Holiday travelers in coming days will find gasoline prices on Long Island the lowest since mid-July, although still higher than a year ago.
Regular averaged $3.775 a gallon in Nassau and Suffolk Wednesday morning, the AAA said. That's down 5.4 cents from a week earlier and down about 39 cents from the recent peak of $4.168 on Nov. 11, when motorists waited in long lines in the shortage created by superstorm Sandy.
The new average still is 22.4 cents higher than a year earlier.
Some analysts foresee a halt in the declines. Addison Armstrong, director of market research at Tradition Energy in Stamford, Conn., cites the balance of supply and demand and the rising price this week of crude oil. "I would say we're probably going to flatten out right around these levels for retail gasoline," he said.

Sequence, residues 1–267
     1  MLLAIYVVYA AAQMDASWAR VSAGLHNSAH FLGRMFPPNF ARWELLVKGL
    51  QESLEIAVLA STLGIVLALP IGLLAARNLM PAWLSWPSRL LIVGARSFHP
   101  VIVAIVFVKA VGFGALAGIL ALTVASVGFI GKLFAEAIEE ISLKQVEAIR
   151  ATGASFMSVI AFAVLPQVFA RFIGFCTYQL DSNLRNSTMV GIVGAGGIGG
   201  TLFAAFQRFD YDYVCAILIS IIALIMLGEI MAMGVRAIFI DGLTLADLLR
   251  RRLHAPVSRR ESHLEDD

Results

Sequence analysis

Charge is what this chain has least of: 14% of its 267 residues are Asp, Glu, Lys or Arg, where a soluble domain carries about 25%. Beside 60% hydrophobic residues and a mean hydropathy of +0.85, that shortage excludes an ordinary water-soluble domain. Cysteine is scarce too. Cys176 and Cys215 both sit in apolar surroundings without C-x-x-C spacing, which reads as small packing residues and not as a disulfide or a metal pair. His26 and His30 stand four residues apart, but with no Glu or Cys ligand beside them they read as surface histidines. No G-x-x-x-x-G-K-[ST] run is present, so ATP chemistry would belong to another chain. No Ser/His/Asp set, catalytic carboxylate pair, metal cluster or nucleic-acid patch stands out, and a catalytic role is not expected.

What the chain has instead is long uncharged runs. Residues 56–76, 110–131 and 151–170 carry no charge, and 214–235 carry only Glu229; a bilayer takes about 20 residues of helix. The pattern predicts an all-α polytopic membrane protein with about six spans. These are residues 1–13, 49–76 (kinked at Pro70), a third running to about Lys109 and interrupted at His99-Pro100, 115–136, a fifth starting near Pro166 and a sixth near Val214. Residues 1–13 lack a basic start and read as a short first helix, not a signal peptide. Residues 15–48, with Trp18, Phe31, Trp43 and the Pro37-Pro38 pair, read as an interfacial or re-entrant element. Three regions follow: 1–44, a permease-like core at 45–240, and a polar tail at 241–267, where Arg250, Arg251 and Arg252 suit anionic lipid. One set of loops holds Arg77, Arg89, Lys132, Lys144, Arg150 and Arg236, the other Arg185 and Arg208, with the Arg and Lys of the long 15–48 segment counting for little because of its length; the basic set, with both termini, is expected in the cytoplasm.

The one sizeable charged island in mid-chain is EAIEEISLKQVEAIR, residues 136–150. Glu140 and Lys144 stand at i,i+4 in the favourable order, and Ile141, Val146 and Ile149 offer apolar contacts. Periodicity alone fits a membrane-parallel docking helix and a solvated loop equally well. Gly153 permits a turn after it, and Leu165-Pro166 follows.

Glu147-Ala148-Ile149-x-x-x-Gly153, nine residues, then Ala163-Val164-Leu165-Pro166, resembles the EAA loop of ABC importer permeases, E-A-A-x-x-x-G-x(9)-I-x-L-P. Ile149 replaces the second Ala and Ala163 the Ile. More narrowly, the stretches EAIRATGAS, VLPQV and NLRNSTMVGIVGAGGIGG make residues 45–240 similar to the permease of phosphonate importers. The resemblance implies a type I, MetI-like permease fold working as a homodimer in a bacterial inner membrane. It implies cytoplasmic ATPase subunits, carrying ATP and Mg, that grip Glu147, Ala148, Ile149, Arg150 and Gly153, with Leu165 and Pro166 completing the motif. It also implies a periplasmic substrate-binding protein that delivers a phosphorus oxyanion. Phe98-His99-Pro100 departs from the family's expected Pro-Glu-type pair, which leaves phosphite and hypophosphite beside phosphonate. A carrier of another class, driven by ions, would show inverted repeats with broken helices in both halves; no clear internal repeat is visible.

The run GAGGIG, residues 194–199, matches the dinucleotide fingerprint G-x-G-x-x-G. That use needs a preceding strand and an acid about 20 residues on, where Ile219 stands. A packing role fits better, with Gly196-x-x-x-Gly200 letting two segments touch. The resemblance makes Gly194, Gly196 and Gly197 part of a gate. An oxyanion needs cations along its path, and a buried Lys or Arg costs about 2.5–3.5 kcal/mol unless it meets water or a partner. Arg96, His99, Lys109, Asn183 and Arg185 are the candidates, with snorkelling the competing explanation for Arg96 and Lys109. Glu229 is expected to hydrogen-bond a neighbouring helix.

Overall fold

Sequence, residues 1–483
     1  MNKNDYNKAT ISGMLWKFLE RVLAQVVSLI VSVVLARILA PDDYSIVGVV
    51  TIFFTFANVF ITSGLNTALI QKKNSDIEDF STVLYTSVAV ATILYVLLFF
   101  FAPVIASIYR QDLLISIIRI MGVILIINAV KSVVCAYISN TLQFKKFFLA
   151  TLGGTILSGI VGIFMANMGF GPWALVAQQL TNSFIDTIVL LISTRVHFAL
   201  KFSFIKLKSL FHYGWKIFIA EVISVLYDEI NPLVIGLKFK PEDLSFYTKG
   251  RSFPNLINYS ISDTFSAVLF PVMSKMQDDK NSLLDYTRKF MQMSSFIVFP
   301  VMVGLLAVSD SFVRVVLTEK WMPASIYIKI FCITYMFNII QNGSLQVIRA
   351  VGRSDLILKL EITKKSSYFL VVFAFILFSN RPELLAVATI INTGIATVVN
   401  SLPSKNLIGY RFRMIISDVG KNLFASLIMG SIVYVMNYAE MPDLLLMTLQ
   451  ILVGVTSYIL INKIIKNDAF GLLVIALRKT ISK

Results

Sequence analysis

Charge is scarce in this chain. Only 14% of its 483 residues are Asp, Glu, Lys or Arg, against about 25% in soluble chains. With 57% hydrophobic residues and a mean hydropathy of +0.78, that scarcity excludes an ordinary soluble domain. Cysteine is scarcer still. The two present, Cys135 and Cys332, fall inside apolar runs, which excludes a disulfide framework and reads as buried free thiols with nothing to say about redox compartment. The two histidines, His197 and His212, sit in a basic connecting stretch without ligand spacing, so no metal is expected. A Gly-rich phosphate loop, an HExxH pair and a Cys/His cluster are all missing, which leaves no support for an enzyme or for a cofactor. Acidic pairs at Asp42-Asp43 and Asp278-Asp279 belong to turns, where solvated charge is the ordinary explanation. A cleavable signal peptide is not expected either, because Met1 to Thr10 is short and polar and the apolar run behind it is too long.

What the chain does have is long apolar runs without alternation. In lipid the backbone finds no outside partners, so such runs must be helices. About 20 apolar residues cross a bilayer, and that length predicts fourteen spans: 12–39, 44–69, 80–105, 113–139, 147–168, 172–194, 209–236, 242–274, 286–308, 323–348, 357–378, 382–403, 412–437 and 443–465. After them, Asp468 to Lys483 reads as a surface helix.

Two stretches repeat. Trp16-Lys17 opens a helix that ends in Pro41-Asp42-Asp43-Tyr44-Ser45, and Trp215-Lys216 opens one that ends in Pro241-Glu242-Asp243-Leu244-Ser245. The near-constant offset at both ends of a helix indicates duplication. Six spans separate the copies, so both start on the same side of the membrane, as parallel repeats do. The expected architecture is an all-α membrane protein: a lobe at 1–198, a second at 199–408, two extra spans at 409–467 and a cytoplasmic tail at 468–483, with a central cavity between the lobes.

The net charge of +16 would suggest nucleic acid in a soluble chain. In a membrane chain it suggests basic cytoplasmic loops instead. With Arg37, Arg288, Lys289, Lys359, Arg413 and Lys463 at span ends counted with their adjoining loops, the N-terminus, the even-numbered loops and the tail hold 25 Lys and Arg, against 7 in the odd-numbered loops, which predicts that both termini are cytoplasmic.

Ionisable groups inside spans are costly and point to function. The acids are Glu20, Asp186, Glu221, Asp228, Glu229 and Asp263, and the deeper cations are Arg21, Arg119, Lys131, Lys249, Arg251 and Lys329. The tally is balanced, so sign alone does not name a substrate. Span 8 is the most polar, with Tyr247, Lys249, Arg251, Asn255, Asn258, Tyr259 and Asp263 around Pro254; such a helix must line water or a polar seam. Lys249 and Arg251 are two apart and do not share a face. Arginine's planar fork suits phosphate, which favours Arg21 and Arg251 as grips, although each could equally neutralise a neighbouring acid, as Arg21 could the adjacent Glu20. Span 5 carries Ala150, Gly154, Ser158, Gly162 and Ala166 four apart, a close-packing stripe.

Andy Lipow, president of Houston consulting company Lipow Oil Associates Llc, expects a temporary halt in the price declines because demand will surge from holiday shoppers and travelers. "Then I expect prices could start to decline more," he said, "because January and February happen to be the weakest period of the year for demand."
He noted figures released Wednesday by the U.S. Department of Energy showed stocks of gasoline on the East Coast fell last week from the week before by about 500,000 barrels, to 49.1 million barrels. Refineries are running at high rates producing gasoline.
Last year at this time, prices had fallen through the fall so that the Long Island average for regular bottomed at $3.541 a gallon on Dec. 26.
Crude oil futures prices rose this week on signs that the federal "fiscal cliff" will be avoided with an agreement between President Barack Obama and House Republicans, Armstrong said, and on expectations of new government economic stimuli in the United States, Japan and China.
In New York trading Wednesday crude rose $1.58 to settle at $89.51 per barrel.
Heating oil, meanwhile, averaged $4.218 a gallon on Monday at full-service dealers on Long Island, the state Energy Research and Development Authority said. That's down 8.3 cents from the recent peak on Nov. 26, but almost 27 cents a gallon higher than a year earlier. -- With AP